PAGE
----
Article: Pardon me?

I came across a true but odd story about pardons….

In 1829 two men, George Wilson and James Porter, robbed a United States mail carrier. Both were subsequently captured and tried in a court of law. In May 1830 both men were found guilty of six charges, including robbery of the mail “and putting the life of the driver in jeopardy.” Both Wilson and Porter received their sentences: Execution by hanging, to be carried out on July 2.

 Porter was executed on schedule, but Wilson was not. Influential friends pleaded for mercy to the President of the United States, Andrew Jackson, on his behalf. President Jackson issued a formal pardon, dropping all charges. Wilson would have to serve only a prison term of 20 years for his other crimes. Incredibly, George Wilson refused the pardon!

 An official report stated Wilson chose to “waive and decline any advantage or protection which might be supposed to arise from the pardon….” Wilson also stated he “…had nothing to say, and did not wish in any manner to avail himself in order to avoid sentence….”

 This was such an unusual response because no one had ever refused a pardon before. Great legal minds did not know if you could refuse a pardon. So, this case went to court, all the way to the Supreme Court.

 The U.S. Supreme Court determined, “The court cannot give the prisoner the benefit of the pardon, unless he claims the benefit of it…. It is a grant to him: it is his property; and he may accept it or not as he pleases.”

 Chief Justice John Marshall wrote, “A pardon is an act of grace, proceeding from the power entrusted with the execution of the laws…. (But) delivery is not completed without acceptance. It may then be rejected by the person to whom it is tendered, and…we have no power in a court to force it on him.”

Can you imagine not accepting a pardon if you were in George Wilson’s shoes? I certainly can’t! If someone wanted to pardon me to save me from the death penalty, I would gladly accept it, even if I was as guilty as George Wilson (and knew it).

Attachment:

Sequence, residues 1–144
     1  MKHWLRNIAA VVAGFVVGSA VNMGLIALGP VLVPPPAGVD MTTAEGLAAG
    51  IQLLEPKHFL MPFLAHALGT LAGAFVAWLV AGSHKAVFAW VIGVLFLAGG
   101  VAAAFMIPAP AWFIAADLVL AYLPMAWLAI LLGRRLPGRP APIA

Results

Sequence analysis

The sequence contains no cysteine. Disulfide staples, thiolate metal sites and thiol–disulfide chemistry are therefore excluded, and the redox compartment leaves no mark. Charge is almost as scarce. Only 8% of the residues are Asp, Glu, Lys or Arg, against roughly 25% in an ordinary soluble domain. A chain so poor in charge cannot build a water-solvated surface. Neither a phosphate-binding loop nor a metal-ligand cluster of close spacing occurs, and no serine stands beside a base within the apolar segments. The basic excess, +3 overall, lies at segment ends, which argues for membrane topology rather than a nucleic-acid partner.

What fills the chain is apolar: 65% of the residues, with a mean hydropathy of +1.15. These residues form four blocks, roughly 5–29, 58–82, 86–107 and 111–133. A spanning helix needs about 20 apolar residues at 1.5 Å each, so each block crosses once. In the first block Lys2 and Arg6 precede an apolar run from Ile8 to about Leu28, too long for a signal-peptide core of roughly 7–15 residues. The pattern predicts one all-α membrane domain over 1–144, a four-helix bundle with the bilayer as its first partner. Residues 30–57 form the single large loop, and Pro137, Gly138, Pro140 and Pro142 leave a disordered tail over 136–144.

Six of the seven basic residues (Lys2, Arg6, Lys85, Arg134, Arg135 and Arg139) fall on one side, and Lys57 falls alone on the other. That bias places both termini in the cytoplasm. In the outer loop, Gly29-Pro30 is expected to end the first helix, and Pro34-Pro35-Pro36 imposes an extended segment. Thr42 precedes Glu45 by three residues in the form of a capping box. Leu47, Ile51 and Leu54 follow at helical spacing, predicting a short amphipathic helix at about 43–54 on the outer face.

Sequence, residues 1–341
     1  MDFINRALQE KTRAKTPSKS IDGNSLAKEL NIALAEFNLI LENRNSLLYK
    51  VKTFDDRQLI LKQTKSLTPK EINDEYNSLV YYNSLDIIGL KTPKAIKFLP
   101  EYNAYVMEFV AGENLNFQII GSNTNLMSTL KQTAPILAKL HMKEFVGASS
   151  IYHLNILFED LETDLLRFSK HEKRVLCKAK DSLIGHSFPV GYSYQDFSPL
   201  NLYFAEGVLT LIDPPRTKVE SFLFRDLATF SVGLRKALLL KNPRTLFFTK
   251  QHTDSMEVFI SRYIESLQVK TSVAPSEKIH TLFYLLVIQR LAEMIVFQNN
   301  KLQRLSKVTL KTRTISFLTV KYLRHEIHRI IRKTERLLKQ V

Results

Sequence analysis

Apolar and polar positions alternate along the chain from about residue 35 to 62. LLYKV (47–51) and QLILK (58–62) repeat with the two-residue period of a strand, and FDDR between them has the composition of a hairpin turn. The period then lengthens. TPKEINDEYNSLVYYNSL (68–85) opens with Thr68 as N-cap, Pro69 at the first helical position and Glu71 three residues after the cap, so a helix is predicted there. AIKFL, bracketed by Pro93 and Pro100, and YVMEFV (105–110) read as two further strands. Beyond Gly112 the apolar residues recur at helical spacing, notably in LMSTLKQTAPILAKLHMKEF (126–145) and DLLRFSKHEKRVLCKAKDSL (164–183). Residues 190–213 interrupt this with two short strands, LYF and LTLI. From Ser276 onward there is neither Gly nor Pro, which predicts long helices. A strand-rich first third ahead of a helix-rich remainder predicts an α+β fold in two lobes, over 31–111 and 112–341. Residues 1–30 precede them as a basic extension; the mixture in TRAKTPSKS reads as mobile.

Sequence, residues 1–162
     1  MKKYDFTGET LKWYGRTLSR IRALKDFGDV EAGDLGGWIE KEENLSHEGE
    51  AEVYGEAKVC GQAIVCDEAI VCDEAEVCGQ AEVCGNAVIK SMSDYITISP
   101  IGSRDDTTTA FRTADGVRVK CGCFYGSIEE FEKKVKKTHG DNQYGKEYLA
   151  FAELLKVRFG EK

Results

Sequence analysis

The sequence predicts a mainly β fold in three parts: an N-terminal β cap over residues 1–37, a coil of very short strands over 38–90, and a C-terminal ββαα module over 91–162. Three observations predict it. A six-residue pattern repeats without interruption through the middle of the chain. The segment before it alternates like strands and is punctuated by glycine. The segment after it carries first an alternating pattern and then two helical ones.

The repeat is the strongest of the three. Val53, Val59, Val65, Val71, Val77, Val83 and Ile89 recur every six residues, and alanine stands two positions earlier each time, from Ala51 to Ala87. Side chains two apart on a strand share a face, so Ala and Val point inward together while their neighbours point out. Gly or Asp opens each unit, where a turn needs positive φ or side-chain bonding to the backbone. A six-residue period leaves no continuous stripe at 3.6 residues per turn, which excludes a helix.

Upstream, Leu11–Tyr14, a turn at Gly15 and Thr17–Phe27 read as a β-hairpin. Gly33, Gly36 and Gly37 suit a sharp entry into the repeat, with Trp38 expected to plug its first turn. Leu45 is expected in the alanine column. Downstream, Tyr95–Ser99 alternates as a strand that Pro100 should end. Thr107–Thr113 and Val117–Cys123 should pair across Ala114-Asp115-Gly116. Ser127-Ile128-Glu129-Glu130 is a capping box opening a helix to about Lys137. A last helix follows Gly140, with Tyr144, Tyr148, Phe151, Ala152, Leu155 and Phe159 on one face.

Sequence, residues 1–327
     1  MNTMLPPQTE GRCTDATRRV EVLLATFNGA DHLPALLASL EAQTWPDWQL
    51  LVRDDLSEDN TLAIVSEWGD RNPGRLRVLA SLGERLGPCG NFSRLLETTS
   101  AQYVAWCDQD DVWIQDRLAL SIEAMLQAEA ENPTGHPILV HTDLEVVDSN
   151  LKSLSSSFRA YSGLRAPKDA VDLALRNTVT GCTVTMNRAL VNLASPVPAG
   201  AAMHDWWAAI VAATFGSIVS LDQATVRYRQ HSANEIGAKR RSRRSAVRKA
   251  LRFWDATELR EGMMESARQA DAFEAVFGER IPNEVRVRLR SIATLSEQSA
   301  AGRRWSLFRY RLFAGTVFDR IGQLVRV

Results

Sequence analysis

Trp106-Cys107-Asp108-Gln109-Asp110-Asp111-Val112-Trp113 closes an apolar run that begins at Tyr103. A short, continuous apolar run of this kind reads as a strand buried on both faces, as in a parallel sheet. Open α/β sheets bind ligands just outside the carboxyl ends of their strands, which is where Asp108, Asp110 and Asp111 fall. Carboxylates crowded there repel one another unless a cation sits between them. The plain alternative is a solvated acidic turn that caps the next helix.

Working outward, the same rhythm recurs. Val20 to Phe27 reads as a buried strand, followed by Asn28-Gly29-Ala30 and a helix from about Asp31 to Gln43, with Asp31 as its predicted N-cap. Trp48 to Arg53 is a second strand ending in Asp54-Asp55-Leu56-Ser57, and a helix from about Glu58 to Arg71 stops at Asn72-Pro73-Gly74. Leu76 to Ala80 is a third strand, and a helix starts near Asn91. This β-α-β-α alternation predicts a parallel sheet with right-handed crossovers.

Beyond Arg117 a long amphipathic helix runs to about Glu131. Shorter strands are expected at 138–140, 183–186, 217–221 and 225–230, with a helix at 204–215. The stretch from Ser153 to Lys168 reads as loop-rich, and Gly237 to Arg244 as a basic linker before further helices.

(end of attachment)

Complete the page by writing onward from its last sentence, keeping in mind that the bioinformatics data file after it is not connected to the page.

Spiritually speaking, many don’t see themselves guilty of anything. We play the comparison game instead.  You know, “I’m not as bad as that person over there.” Even Jesus tells us a story about this very thing in the parable of “The Pharisee and the Tax Collector” found in Luke 18:9-14.  In this story, the Pharisee prays this prayer, “God, I thank you that I am not like other men—robbers, evildoers, adulterers—or even like this tax collector.”

 God doesn’t play the comparison game and neither should we. Instead we should acknowledge our own culpability in the things that fall short of what God wants for us. When we do that, God is ready to pardon us in that very moment! When we point to someone else as being worse than us, what we are really doing is saying, “See, I am a good person” even though we are not.

The great evangelist Dwight L Moody (1837-1899) who founded “The Moody Bible Institute” in Chicago talks about pardons this way…

“Humans give pardons out for good character or good behavior; but God gives out pardons to people who do not have any charac­ter. God offers a pardon to every sinner on earth if they will take it. God says, I do not care who he (or she) is or what he (or she) is like. They may be the greatest unrestrained person that ever walked the streets, or the greatest user of foul language who ever lived, or thief, or tramp. Christ com­missioned His disciples to preach the Gospel to every creature.”

That “Gospel” is a “pardon for sin and a peace that endureth” to quote an old hymn.

As for me, I am guilty. I seek God’s pardon and peace. I know I am not that good, but I am forgiven.

God bless,
Pr. Ben

 

 

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